The night went surprisingly smoothly. It didn’t feel good. As a matter of fact, it was excruciating but there were no crises and I didn’t say any of the things I feared I would. Yes, I was incredibly anxious and stuttered and shook throughout the evening but I made it through dinner. I opened my mouth and spoke. I told her my truth. And in response to my truth, she didn’t run away or disappear. Instead, she said, ‘that must have been so hard for you. I cannot imagine.’ After a moment’s pause she continued, “you know, I like believing in people and giving them a chance when other people don’t. Do you want to come get drinks with me and some of my friends tonight at Molly's Restaurant?”
I paused. My legs began to shake uncontrollably under the table and I couldn’t seem to get oxygen to my lungs. I looked up. I looked down. All I wanted to do was run to my bedroom and hide under the covers and yet, I still looked at her and whispered, “Yes.”
We walked to Molly’s. I couldn’t stop shaking. Everything was a blur but all I could think was my mantra, the mantra, the key to my recovery, the advice my therapist had bestowed. “If I am uncomfortable. I should stay.” I repeated it over and over and over in my head. If I am uncomfortable, I should stay. IF I AM UNCOMFORTABLE, I SHOULD STAY. I stayed until ‘11pm that night. The discomfort never went away but I stayed until the restaurant kicked me out. Before leaving, I got the number of a woman whose kindness exceeded any I had encountered in recent memory. Her name was Fiona and she was as cute as she was kind, sweet as she was small and loving as she was insightful.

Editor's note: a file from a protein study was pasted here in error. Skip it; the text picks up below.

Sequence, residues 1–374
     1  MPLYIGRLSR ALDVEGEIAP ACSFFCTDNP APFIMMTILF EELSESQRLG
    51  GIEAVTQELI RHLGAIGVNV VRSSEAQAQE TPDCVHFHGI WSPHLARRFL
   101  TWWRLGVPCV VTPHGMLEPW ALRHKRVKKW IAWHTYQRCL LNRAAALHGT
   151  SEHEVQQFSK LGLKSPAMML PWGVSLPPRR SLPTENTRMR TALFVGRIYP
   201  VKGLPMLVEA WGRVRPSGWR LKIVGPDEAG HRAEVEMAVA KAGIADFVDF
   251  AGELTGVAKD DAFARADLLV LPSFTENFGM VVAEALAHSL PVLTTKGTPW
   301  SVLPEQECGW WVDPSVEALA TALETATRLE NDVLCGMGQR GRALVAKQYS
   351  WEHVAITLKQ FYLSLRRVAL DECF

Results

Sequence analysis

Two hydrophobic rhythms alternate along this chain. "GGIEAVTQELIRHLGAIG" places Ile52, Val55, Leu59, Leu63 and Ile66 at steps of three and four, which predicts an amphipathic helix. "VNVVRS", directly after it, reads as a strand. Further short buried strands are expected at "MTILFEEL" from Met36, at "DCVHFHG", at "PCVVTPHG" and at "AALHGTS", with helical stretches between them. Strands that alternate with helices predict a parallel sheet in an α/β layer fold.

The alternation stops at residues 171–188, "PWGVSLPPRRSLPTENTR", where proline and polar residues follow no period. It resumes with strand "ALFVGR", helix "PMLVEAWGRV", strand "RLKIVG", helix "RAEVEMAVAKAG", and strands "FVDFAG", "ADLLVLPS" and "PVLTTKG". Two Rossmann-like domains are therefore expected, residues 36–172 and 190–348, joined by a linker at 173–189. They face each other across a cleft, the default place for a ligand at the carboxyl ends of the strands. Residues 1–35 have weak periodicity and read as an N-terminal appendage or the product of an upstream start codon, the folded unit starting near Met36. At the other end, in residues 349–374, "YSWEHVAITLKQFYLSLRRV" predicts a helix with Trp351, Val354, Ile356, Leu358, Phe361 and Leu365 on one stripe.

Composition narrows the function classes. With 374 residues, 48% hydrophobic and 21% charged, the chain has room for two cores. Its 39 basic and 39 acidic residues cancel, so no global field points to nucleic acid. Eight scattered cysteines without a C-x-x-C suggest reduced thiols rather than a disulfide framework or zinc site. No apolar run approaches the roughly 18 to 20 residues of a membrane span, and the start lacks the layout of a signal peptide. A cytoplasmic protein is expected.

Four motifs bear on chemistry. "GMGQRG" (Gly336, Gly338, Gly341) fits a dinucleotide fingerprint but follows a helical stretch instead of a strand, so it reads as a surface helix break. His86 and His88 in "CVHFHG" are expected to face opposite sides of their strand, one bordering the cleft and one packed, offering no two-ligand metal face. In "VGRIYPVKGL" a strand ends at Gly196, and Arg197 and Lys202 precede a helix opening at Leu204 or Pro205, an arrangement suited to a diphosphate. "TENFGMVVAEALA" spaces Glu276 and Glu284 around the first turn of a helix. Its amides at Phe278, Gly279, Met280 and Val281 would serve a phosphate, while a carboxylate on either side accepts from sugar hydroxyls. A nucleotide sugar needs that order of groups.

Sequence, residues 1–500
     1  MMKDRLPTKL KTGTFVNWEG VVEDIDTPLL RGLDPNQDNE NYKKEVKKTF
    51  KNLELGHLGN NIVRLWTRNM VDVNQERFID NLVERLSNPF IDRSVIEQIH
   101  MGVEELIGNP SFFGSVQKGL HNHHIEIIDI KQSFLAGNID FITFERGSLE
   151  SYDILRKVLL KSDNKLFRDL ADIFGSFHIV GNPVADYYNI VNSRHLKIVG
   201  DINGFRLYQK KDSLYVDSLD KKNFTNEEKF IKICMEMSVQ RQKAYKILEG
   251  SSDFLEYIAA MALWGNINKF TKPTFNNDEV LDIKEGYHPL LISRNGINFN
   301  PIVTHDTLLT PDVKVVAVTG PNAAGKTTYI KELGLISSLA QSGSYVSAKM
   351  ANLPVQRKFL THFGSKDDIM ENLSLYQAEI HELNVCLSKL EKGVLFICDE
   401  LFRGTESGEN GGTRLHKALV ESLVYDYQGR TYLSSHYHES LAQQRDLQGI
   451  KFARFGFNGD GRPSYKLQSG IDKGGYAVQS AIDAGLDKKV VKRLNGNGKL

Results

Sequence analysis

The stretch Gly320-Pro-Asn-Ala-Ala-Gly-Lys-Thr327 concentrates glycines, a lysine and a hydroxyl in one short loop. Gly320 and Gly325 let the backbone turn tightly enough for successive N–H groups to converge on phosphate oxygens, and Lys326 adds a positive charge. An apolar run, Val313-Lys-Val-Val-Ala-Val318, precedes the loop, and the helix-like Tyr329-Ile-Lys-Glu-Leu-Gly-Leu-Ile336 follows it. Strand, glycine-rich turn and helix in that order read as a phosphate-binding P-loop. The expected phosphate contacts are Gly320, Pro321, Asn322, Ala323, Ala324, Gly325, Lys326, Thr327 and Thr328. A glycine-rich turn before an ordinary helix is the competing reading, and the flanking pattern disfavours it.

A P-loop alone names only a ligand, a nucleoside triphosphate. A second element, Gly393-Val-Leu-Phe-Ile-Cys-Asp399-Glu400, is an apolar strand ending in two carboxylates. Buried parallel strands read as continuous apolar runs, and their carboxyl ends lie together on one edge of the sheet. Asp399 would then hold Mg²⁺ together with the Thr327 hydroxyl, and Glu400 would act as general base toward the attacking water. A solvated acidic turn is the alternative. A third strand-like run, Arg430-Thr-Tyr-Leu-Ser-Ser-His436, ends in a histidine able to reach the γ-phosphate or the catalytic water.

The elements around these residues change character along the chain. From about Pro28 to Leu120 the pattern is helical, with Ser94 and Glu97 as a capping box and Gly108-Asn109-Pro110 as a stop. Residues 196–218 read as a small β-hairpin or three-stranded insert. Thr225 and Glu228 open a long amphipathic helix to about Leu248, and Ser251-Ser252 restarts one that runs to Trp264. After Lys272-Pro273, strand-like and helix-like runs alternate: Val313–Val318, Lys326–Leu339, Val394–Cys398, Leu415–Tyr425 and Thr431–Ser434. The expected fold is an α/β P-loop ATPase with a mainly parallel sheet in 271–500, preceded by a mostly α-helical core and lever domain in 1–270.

Just before we all parted ways, Fiona, who had heard mere tidbits of my story over the course of the evening as that I could barely open my mouth, extended her hand to touch my shoulder. Her gaze briefly met my mine as she ever so simply stated, “I look forward to seeing you again soon.”
And that was it. One touch. One sentence. And there was hope. After 3 years of excruciating loneliness and true hermitage, with one night, one dinner and one phrase, I believed that things could change. As I walked down the street to my apartment, I whispered to myself, If I am uncomfortable, I should stay. If I am uncomfortable, I should stay. And tomorrow I will be more uncomfortable. And the next day, even more uncomfortable but I will stay. I will stay. And someday, the discomfort won’t hurt me anymore.
I wrote in my journal that night. I wrote only one sentence because I was so exhausted.
Today, I began and it was hard and miserable and hurt all over but there is hope.
Since that night, Fiona and I have founded picnic club, cookie club and walk club for life. We share a love of watermelon, the beach, redesigning interiors and anything and everything cute. Our significant others have a running joke that we will open an antiques store someday. I can't say I'd be unhappy if that were to happen.
It has been three years since that night and we now spend hours together each week in joy, laughter and conversation. I am proud and delighted to say that I feel no anxiety in her presence at all any longer.
To my dear Fifi, I love you and I look forward to seeing you again soon (on our walk tomorrow at lunch).